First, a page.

The concept of good and evil, warriors of light and darkness is something that we have been exposed to in nearly everything we watch, read, and play. There are good guys and there are bad guys, nothing between them or beyond them. The one thing I find most appealing in worlds of others’ imaginations is the use of confusing what is good and what is bad. Today I want to look at what makes the battle between the two so interesting, if done correctly.
While a piece of art can be successful with the use of generic good and bad—something we see frequently in Hollywood films—it isn’t necessarily because the writing surrounding the concept is well done. The use of characters, the combat scenes, even the world-building in general can carry the generic approach to good and bad.
The way I see it, and the way I believe it to be, the good/light in a story can and should be equally as mentally corrupt as the bad/darkness. The good guys typically want to eradicate the bad from the world, right? Sometimes the good side will go to extreme lengths to do so, just as the bad often does. While the good and the bad want vastly different things, their methods are almost always the same: rid the world of their perceived problem.
Picture someone—a person you know or an established fantasy role—that is incredibly devoted to the light; a Paladin, per se. They are righteous and want to cleanse the world of evil. They are the warriors that are typically closest to the gods. They do their god’s bidding while never second guessing it. This is something that is commonly accepted due to the nature of people wanting to see the good side succeed but this is where it gets boring. We get the Paladin is a good guy and that his god is a holy being, but what sort of things does this god whisper into his ear? Was this Paladin a normal person before but was chosen against his will to fight? Small things like this that make your reader think can add much more depth to not only the conflict between good and bad, but also the character itself. Make them question if the light’s way is the best option. The line between light and dark is so… very thin. If you want to create a world that is more than just what you present, try to make your reader feel that.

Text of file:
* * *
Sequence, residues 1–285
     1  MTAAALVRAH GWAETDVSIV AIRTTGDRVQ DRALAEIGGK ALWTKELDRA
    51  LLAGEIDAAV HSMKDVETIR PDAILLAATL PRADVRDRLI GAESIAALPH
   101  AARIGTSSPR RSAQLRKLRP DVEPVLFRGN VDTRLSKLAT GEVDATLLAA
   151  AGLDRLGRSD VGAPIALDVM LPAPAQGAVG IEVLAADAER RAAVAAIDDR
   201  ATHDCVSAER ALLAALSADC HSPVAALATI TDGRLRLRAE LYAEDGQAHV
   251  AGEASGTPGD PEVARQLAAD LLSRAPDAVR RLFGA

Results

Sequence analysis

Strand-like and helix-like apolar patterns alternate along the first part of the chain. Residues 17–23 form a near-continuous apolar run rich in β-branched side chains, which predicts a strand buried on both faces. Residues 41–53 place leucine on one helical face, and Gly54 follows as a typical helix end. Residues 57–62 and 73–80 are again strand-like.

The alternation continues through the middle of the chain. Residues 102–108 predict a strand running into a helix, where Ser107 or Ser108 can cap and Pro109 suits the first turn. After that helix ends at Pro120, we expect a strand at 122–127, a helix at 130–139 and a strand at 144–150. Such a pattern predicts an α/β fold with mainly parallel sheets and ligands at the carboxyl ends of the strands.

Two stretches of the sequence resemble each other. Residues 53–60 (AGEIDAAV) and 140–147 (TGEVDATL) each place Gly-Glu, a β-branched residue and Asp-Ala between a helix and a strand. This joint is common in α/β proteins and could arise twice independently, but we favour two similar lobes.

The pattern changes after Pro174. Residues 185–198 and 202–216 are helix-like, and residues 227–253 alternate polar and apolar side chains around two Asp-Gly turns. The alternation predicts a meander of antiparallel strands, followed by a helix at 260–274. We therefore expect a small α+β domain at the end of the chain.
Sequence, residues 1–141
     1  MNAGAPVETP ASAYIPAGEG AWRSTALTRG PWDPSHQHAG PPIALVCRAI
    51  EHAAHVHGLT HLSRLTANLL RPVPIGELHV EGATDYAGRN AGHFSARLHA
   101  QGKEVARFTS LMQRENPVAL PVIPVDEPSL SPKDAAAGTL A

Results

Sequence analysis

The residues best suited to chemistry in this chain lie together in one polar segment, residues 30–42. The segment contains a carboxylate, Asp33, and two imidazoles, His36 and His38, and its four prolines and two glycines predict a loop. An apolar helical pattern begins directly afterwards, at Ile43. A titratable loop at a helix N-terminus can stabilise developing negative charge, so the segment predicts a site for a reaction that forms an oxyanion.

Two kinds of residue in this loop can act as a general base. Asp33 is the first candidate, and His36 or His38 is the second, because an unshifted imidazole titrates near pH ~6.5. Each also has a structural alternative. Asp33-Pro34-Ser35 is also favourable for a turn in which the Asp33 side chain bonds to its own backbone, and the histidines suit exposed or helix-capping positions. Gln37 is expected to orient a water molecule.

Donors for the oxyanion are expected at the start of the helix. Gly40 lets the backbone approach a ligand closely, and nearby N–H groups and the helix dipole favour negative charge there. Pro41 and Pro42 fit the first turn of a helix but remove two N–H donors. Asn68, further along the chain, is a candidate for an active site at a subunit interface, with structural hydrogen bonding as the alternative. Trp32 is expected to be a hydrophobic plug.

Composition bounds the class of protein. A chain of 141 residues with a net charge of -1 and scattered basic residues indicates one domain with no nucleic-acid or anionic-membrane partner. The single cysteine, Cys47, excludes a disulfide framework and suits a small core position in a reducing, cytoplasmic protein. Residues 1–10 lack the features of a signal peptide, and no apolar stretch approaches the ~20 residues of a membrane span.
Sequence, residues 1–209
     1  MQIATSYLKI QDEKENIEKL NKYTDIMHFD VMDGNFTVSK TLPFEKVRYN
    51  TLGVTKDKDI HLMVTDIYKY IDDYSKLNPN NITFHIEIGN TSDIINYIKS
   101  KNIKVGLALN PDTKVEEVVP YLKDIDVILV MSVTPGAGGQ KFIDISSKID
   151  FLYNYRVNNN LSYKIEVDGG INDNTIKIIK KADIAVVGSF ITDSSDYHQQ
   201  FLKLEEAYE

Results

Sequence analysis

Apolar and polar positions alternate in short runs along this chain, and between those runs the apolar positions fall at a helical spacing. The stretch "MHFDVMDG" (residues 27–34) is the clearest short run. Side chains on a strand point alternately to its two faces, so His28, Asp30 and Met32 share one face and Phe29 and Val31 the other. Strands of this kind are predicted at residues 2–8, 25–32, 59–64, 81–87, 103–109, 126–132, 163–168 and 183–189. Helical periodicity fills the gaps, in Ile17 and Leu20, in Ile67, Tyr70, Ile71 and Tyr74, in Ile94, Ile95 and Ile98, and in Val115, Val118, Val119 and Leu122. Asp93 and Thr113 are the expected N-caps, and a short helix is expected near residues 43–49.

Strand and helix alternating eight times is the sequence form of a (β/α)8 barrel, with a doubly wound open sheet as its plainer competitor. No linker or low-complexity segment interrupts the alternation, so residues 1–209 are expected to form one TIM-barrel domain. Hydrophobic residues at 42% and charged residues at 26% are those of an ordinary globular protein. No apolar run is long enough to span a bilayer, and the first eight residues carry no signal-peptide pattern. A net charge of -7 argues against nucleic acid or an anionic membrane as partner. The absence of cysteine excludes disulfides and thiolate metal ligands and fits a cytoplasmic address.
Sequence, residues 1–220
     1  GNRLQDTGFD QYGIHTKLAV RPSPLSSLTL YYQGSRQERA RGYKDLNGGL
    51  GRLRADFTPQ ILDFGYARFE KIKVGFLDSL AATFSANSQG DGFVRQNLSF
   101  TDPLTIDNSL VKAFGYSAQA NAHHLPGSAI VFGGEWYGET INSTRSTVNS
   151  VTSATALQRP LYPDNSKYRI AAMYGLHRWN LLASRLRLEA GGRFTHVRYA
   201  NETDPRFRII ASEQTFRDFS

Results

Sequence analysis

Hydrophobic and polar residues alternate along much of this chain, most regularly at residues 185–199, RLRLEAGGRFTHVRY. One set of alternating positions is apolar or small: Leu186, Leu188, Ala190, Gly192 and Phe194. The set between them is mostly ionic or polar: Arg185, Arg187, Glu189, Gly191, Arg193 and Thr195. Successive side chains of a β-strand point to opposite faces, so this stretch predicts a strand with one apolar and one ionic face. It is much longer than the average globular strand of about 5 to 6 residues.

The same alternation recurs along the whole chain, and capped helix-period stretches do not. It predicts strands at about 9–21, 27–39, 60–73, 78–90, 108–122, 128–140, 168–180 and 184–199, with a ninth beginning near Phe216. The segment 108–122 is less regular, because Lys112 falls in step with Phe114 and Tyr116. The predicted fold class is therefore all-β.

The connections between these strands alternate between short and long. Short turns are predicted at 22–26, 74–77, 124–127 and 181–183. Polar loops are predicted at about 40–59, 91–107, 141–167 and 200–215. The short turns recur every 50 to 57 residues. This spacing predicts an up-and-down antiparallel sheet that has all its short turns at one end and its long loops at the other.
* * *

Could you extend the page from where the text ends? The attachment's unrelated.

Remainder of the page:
There is never one side that is completely correct, and I think that applies to more than just fiction. We tell things how we want them to be told and our memories tend to include elements of fiction. I think it is essential that we create characters, greater beings, bad guys, and side-characters that we doubt at times, even if it is the main character. There are many ways of doing this other than just having a good guy versus bad guy approach, but if you are thinking of or creating a story that does have elements that were mentioned above, take some more time to think about what exactly good and bad are to your story. Think about how you want it to be told, but also think of including the right amount of ambiguity so that the readers can come up with many theories. It is always the most fun when the reader can participate in the telling of the story.
Tyler Connolly is a second year student in the Professional Writing program at Algonquin College. He is passionate about fantastical stories of any form. A lot of his time is spent thinking about how little time he has. He is also quite fond of Owls and Foxes.